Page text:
A slew of studies from around the world has reported a disturbing trend: since the coronavirus pandemic started, there has been a significant rise in the proportion of pregnancies ending in stillbirths, in which babies die in the womb. Researchers say that in some countries, pregnant women have received less care than they need because of lockdown restrictions and disruptions to health care. As a result, complications that can lead to stillbirths were probably missed, they say.
While naysayers may pick holes in specific studies, the quantity and consistency of evidence is overwhelming: lockdown is stressful, it harms cognitive function, and it makes you susceptible to disease. Ultimately, the toll is high. A meta-analytic review (Holt-Lunstad et al., 2015) found that social isolation increases the likelihood of mortality by 29%. In short, lockdown is murder.
California Globe has seen reports of lung infections from long-term mask wearing, persistent coughing, as well as dermatitis on the skin around the mouth.
Providing one more reason healthy people should not wear face masks, Dentists report they are seeing a new syndrome brought about by mask-wearing which the doctors have dubbed “mask mouth,” Fox News reports.
The moisture trapped in face masks creates a petri dish of breeding ground for bacteria, as it is in place directly over your mouth.
Constant mask-wearing “is leading to all kinds of dental disasters like decaying teeth, receding gum lines and seriously sour breath.
“We’re seeing inflammation in people’s gums that have been healthy forever, and cavities in people who have never had them before,” says Dr. Rob Ramondi, a dentist and co-founder of One Manhattan Dental. “About 50% of our patients are being impacted by this, [so] we decided to name it ‘mask mouth’ — after ‘meth mouth.’ ”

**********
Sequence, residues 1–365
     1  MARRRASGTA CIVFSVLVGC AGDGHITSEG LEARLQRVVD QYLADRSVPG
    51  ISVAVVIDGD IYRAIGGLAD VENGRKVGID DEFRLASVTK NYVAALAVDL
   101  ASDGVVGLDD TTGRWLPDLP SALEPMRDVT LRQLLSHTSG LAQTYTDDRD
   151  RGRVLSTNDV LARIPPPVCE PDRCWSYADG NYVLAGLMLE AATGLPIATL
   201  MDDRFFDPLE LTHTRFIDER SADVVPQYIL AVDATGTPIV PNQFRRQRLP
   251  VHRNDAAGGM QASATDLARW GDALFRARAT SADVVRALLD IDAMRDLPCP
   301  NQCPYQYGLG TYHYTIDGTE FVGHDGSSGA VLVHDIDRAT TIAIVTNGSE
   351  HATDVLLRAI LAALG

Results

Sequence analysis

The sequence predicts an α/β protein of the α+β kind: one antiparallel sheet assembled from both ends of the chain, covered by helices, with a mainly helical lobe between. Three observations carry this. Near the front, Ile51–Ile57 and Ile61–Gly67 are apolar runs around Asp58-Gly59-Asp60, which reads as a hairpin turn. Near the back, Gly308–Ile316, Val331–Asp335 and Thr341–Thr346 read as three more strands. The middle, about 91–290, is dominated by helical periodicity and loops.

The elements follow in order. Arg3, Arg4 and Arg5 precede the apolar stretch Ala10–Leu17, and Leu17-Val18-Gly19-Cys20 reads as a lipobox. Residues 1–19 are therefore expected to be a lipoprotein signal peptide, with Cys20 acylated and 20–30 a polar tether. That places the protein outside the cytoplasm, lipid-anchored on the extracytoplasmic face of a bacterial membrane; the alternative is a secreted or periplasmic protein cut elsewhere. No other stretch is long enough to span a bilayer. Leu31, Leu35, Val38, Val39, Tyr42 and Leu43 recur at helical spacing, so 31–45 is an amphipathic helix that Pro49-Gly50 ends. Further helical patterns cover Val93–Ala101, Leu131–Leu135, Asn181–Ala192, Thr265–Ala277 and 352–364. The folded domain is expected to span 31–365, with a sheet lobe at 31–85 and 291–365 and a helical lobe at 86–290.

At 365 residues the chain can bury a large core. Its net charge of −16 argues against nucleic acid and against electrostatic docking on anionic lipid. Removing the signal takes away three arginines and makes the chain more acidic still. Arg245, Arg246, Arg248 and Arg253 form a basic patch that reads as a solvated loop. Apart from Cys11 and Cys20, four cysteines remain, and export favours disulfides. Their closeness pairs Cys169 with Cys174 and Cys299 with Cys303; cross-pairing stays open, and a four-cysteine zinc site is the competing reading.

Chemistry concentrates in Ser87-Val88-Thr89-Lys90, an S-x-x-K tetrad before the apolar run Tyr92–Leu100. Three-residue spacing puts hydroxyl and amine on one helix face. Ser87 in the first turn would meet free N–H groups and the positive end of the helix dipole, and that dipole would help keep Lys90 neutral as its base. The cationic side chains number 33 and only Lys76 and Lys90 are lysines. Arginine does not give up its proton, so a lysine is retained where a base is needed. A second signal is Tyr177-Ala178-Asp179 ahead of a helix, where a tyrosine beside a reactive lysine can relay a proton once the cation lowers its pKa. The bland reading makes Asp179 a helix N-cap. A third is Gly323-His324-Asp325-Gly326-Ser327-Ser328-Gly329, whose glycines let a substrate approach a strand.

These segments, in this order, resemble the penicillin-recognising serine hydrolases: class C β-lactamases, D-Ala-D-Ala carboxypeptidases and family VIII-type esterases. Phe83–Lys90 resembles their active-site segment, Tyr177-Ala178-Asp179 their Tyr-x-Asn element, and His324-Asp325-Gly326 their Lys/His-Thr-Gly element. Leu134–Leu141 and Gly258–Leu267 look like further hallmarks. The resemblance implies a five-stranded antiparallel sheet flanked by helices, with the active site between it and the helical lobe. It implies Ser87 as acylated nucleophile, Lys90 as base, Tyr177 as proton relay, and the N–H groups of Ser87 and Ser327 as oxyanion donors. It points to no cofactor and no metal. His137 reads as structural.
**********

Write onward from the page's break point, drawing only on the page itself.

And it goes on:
Experts said the major study, which included all patients hospitalised with Covid-19 over 10 weeks, showed that diabetes – which is often fuelled by obesity – is driving Britain’s death toll.
When faced with danger, humans draw closer together. Social distancing thwarts this impulse. Professor Ophelia Deroy from Ludwigs-Maximilians Universitaet in Munich (LMU) and colleagues argue that this dilemma poses a greater threat to society than overtly antisocial behavior.
Corruption is embedded in health systems. Throughout my life—as a researcher, public health worker, and a Minister of Health—I have been able to see entrenched dishonesty and fraud. But despite being one of the most important barriers to implementing universal health coverage around the world, corruption is rarely openly discussed. In this Lecture, I outline the magnitude of the problem of corruption, how it started, and what is happening now. I also outline people’s fears around the topic, what is needed to address corruption, and the responsibilities of the academic and research communities in all countries, irrespective of their level of economic development. Policy makers, researchers, and funders need to think about corruption as an important area of research in the same way we think about diseases. If we are really aiming to achieve the Sustainable Development Goals and ensure healthy lives for all, corruption in global health must no longer be an open secret.